Thursday 6 December 2012

Making Scenes Interesting In The Now

In terms of what’s going on in a scene you can break it down into three main areas:

1. What happened ‘Before’.
2. What’s happening ‘Now’.
3. What’s going to happen ‘Later’.

The most important for a reader is no.2, the ‘Now’. That's where readers experience the story—what's in front of them.

And it's important to make sure each scene is engaging the reader through what's happening on the page, what characters are doing, as well as the implications for events in the past and future.

‘Before’ and ‘Later’ are certainly going to play a major role in how you construct and develop a scene, with things like tension and anticipation.

What happened ‘Before’ provides motivation for why we’re here and what the characters decide to do. Sometimes, ‘Before’ is a long time ago, beyond the scope of the story, and gets filled in by backstory. Other times, ‘Before’ is kept a mystery and revealed later in the story.

Both those techniques (backstory and revelation) are standard methods for writing fiction, but both have their drawbacks. It's very easy to get so wrapped up in explaining stuff that the story ends up stalling.

In most stories what a character is doing ‘Now’ has been set up in the previous scene. In order to make the reader want to find out what happens in this chapter, the reasons are explained in the one before. You can raise the stakes, complicate the issue, establish the problem. In doing so the reader comes to the current chapter full of anticipation.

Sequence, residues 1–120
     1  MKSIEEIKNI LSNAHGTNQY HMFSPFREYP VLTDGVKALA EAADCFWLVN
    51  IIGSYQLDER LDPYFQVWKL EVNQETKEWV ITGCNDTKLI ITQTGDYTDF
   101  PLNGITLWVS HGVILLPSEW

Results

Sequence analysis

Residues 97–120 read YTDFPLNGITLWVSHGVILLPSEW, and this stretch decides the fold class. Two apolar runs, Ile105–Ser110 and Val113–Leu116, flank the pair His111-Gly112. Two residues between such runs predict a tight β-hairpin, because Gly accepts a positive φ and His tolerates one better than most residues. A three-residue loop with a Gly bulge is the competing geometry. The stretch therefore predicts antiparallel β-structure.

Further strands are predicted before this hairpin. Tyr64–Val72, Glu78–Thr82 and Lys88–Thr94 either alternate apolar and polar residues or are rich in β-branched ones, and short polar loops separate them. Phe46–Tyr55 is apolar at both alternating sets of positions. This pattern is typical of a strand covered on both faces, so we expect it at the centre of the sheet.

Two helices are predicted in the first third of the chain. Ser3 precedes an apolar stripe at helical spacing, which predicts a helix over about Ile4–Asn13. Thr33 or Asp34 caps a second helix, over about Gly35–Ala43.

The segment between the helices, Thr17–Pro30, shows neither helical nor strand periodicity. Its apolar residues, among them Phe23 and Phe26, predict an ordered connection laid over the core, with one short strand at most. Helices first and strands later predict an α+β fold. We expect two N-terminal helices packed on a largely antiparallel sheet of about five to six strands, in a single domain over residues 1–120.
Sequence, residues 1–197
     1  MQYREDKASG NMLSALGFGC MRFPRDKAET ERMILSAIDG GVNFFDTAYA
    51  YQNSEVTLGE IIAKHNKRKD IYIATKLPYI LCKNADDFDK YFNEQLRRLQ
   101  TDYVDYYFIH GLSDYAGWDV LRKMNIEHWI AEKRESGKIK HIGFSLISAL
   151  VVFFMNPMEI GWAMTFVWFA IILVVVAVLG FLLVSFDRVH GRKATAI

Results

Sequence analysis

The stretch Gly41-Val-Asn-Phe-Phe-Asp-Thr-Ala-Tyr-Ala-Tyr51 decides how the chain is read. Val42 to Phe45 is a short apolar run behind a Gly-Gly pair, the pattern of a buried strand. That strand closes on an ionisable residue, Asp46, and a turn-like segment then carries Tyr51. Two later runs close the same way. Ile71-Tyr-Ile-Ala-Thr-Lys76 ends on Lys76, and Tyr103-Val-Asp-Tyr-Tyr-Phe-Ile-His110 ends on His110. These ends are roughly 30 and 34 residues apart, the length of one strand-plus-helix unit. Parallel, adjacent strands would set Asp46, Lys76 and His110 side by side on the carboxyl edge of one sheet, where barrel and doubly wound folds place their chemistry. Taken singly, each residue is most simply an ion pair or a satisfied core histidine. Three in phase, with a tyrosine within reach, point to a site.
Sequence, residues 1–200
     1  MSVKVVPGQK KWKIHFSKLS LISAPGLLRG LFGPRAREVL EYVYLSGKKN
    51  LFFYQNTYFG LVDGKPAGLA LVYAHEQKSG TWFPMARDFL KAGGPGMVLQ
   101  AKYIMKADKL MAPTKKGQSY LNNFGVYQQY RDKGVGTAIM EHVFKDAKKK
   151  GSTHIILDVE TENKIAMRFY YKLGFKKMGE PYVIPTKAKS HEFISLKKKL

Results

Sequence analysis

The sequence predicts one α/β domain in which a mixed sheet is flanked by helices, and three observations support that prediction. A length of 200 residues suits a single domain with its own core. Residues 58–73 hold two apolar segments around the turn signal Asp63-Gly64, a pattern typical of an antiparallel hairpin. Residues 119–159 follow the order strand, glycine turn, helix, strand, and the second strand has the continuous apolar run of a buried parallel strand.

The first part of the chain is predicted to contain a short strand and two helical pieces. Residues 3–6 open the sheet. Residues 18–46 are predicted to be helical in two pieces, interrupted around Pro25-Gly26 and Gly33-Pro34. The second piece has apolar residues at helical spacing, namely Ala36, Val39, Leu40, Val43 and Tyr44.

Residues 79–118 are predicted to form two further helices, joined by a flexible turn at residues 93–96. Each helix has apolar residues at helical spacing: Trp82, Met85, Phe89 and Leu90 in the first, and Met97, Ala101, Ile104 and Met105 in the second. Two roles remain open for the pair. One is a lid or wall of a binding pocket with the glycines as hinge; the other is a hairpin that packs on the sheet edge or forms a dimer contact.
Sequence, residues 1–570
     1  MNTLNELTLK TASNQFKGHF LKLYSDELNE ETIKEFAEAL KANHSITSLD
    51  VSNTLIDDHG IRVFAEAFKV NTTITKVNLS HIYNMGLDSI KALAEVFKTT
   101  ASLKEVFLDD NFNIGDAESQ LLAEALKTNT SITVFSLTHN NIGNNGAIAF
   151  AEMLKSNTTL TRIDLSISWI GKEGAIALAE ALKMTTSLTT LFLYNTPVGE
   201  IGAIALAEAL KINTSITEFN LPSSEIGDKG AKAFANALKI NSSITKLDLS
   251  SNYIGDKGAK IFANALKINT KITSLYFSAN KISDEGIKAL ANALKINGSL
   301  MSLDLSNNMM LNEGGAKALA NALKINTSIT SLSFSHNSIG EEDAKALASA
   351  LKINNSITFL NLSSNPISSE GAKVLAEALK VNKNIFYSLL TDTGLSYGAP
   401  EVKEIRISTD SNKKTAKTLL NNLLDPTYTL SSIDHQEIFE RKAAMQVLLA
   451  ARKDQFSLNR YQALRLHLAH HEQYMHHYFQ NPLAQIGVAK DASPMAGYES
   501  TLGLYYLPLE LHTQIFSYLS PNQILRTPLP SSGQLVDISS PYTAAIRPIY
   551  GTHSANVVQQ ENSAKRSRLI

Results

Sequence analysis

However, if things are at a high enough anxiety level, you can sometimes forget to make the current scene interesting in its own right.

If, for example, Susan goes over to Mike’s place for coffee, but the real reason she’s going is because she suspects he’s the guy that ten years ago kidnapped and murdered her sister, and she wants to find proof, then you can see that the date is not what it seems. She’s going to have to play-act the flirty girl all the while looking for evidence and also, if it turns out she’s right, get out alive.

So, high stakes, danger, tension.

But let’s say she goes over there, he goes in the kitchen to make the coffee and she quickly goes through his drawers and cupboards and finds nothing.

Even though the entry into the scene was ramped up and full of all the elements you would want in this kind of scenario, the actual scene that develops is a let down.